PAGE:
What if the 2.5 million “Dreamers” could be part of the solution to America’s illegal immigration crisis, not just part of the problem?

Imagine sending up to 5,000 skilled and highly trained Dreamers – undocumented United States residents brought here as children – to Mexico and Central America to battle poverty, crime and violence, in exchange for a fast track to U.S. citizenship. Imagine the “Dreamer Corps.”

The Dreamer Corps would capitalize on the Peace Corps and its nearly 60 years of experience. But unlike the Peace Corps’ 7,400 volunteers dispersed among 61 countries around the globe, Dreamer Corps volunteers would work solely in Mexico, Guatemala, Honduras and El Salvador, where most of America’s illegal immigration originates, but where fewer than 300 Peace Corps volunteers serve. If just one out of every 500 Dreamers enrolled in the Dreamer Corps, 5,000 volunteers at a time could be deployed to these four countries alone.

With two-year tours of duty over a 10-year period, 25,000 Dreamer Corps volunteers could earn a fast track to U.S. citizenship. The rest of the 2.5 million Dreamers could fund the Dreamer Corps over this period, in exchange for permanent U.S. residency and a path to citizenship, so that the program adds nothing to the federal budget.

The Dreamer Corps could also include an entrepreneurship program. Dreamers have started businesses in the U.S. at higher rates than the national average. Dreamer Corps volunteers could earn fast-track U.S. citizenship by starting job-creating businesses in the four target countries. Grants, loans, mentorship and investment tax breaks could be provided.

By allowing Dreamers to earn their U.S. residency and a path to citizenship, rather than receiving them as amnesty, the Dreamer Corps just might break Congress’ political logjam on this issue.

And breaking that logjam is urgent, with the Supreme Court set to rule on the Trump administration’s proposed termination of the Deferred Action for Childhood Arrivals program, which temporarily shields 700,000 Dreamers from deportation.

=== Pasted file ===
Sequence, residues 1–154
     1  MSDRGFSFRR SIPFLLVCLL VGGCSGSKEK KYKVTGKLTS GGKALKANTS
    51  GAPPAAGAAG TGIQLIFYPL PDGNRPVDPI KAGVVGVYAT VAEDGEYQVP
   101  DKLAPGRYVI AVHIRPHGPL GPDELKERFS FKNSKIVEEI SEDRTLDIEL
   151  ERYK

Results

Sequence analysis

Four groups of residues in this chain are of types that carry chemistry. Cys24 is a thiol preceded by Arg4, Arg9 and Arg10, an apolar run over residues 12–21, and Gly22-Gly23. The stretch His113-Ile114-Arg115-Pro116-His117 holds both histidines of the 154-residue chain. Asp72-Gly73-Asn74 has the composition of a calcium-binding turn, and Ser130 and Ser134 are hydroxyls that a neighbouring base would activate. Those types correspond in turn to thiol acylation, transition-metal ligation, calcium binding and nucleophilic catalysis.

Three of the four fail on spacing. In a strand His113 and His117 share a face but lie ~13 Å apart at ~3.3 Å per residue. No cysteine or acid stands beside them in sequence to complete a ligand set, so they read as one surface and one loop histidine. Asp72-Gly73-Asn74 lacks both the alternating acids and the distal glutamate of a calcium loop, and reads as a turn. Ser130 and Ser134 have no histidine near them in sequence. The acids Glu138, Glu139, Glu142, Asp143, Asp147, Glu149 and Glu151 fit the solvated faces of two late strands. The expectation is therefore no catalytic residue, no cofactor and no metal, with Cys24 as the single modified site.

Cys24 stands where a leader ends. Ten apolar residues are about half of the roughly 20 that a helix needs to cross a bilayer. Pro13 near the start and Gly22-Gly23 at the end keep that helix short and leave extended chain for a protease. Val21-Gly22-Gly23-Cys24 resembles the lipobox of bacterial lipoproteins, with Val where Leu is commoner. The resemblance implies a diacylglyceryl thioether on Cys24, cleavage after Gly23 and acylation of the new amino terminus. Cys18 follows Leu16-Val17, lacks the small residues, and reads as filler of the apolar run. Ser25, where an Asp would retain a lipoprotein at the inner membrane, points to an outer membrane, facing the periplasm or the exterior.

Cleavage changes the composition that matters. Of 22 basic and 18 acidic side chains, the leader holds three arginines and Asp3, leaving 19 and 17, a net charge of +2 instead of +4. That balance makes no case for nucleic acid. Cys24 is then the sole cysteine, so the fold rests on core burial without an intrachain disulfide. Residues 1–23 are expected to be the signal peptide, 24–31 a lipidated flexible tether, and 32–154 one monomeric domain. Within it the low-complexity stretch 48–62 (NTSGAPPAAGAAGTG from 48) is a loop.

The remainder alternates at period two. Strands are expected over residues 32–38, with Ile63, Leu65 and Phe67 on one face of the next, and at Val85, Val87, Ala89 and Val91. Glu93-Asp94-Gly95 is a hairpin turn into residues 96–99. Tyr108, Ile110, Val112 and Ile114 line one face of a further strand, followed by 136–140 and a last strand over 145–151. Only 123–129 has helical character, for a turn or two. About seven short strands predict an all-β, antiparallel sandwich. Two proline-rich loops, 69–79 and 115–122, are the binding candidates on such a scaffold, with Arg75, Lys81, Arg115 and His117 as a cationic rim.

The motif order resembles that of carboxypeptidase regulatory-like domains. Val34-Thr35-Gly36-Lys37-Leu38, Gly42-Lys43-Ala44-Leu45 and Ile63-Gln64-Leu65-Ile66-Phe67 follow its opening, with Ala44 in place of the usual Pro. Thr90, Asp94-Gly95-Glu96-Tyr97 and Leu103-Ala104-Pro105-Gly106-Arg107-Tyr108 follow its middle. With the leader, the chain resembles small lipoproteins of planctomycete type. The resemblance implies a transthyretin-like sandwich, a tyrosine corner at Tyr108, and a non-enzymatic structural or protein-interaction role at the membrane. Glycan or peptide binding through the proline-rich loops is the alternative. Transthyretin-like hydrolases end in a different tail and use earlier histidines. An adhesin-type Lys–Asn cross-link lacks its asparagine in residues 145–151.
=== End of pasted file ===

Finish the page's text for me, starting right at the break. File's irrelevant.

Dreamer Corps volunteers would be unlike typical Peace Corps enlistees, who start out knowing little about their host countries’ cultures or languages. Nearly nine in 10 Dreamers were born in Mexico, Guatemala, Honduras or El Salvador. Sixty percent of DACA recipients came to the U.S. at age 5 or older, speaking Spanish as their native tongue. One in three DACA recipients has a parent, sibling, spouse or child still living in their home country.

Safety concerns must be addressed, of course. U.S. military and public safety experts could work with the Dreamer Corps to address societal violence and provide security for the volunteers. And Dreamer Corps volunteers could be placed outside their original home country, if they or their family fled because of threats of violence.

Dreamers would likely welcome the chance to fund the Dreamer Corps in exchange for finally receiving permanent legal residency and a path to citizenship. An annual fee of $500 might be paid by those Dreamers earning up to the median U.S. income, increasing to $5,000 per year for those making $100,000 or more.

If four out of every five of the 2.5 million Dreamers were to participate in funding the Dreamer Corps, over $1 billion per year would be generated. Based on the Peace Corps’ annual budget – $410 million for 7,400 volunteers – this would allow the Dreamer Corps to easily cover the annual expense of 5,000 (or more) recruits, and perhaps pay them significantly more than the Peace Corps’ minimal stipend, in order to attract the highest caliber volunteers.

Could the Dreamer Corps actually have an impact on these countries’ deeply systemic problems? The odds are certainly better by deploying a thousand or more volunteers in each country – with knowledge and ties to those cultures – than the Peace Corps achieves with its typical roster of barely a hundred volunteers per country. Combined with a coordinated approach to economic development and security in the four target countries, the results could be significant.

Lastly, public service builds skills and character. As the Peace Corps motto says, “It’s the toughest job you’ll ever love.” The Dreamer Corps could not only help solve the Dreamer issue in the U.S. while confronting illegal immigration abroad, it could help build a cadre of new American leaders as well.


Only subscribers are eligible to post comments. Please subscribe or to participate in the conversation. Here’s why.

Use the form below to reset your password. When you've submitted your account email, we will send an email with a reset code.